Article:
As she always does, House Speaker Nancy Pelosi found a way out, a compromise resolution denouncing all "expressions of hateful intolerance" along with white supremacy, anti-Semitism, dual-loyalty slanders, and Islamophobia — including bigotry against "African Americans, Latinos, Native Americans, Asian Americans and Pacific Islanders, and other people of color, Jews, Muslims, Hindus, Sikhs, the LGBTQ community, immigrants, and others."

It passed 407–23, with Democrats (including Omar) in favor and only Republicans (including Gohmert) opposed. (Steve King voted "present.") The Democrats moved on the HR 1, a sweeping election-reform and anti-corruption bill designed to make it easier for people to vote and to require dark money groups to be transparent about their campaign spending. (Or, as Senate leader Mitch McConnell calls it, a "power grab.") Republicans, though, have remained fixated on Ilhan Omar.

On Sunday, Rep. Liz Cheney of Wyoming accused Democrats of "enabling anti-Semitism," which is quite the thing to say, considering her party has two Jewish members of Congress and Democrats have 34, including quasi-Dem Bernie Sanders, who, incidentally, is a leading candidate for the party's presidential nomination.

As is his wont, President Donald Trump cranked the rhetoric to 11. At a Mar-a-Lago fundraiser Friday night, Trump told donors, "The Democrats hate Jewish people." The day before, he called Democrats the "anti-Jewish party." This is an actual talking point, apparently.

Trump isn't the GOP's best messenger here, of course. He's the same man who said the neo-Nazis marching on Charlottesville in 2017 contained "some very fine people," who told the Jewish Republican Coalition in 2015, "You're not going to support me because I don't want your money," and whose Department of Health and Human Services just granted a waiver allowing South Carolina's foster care program to discriminate against Jewish (and LGBTQ) families.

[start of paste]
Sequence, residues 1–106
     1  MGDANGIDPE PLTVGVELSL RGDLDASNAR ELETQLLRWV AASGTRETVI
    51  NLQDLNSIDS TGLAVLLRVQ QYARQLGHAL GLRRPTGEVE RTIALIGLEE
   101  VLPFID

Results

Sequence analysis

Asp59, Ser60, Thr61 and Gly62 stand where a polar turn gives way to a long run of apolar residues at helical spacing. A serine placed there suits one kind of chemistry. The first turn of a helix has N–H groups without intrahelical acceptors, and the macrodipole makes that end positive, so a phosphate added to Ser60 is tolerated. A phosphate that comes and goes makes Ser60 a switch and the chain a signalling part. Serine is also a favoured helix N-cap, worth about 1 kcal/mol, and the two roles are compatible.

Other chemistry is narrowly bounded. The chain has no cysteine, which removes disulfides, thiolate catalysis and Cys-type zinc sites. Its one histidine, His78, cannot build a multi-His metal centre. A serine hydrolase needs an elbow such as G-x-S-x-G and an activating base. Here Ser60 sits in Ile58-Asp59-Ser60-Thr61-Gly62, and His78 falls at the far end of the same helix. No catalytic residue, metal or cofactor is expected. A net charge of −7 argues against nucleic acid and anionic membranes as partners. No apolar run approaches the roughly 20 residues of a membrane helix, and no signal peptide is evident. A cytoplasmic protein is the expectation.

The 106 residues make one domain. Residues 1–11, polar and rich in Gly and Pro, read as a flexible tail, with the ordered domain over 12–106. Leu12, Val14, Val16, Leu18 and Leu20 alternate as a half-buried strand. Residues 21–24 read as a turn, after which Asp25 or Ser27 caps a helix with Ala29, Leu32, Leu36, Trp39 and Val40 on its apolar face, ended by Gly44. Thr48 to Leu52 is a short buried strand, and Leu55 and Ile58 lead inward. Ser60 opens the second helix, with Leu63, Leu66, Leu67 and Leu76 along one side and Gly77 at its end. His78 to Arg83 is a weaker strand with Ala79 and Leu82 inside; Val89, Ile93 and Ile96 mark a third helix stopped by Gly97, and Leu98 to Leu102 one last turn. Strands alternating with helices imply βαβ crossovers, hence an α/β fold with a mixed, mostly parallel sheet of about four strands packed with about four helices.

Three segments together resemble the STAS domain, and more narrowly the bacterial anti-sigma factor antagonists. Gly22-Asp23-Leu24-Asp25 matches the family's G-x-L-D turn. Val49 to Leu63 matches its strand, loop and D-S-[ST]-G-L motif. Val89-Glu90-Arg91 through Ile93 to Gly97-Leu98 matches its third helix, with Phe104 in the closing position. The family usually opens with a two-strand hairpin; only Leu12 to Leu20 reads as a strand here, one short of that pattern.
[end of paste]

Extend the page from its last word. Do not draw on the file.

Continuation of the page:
But, as with all things Trump, intellectual congruity isn't the point. The point — and what Trump does so well — is an endless barrage of bullshit and distraction, such that it's impossible to separate the meaningful from the inane, such that Trump's myriad scandals and screw-ups can be countered with dismissive whataboutism.

When Omar's comments surfaced, Trump was coming off another godawful week, with the bungled North Korea summit, Michael Cohen's damning testimony, and the looming Senate rebuke of his fake border emergency. They proved useful. The president won't want to move on. He wants to keep Omar in the news, to make her an avatar of run-amok leftism and a creeping Islamist threat so as to rile and enrage his base, in the same way Alexandria Ocasio-Cortez symbolizes the coming socialist nightmare.

This is how he plays the game. It's dirty pool, sure. But it's effective.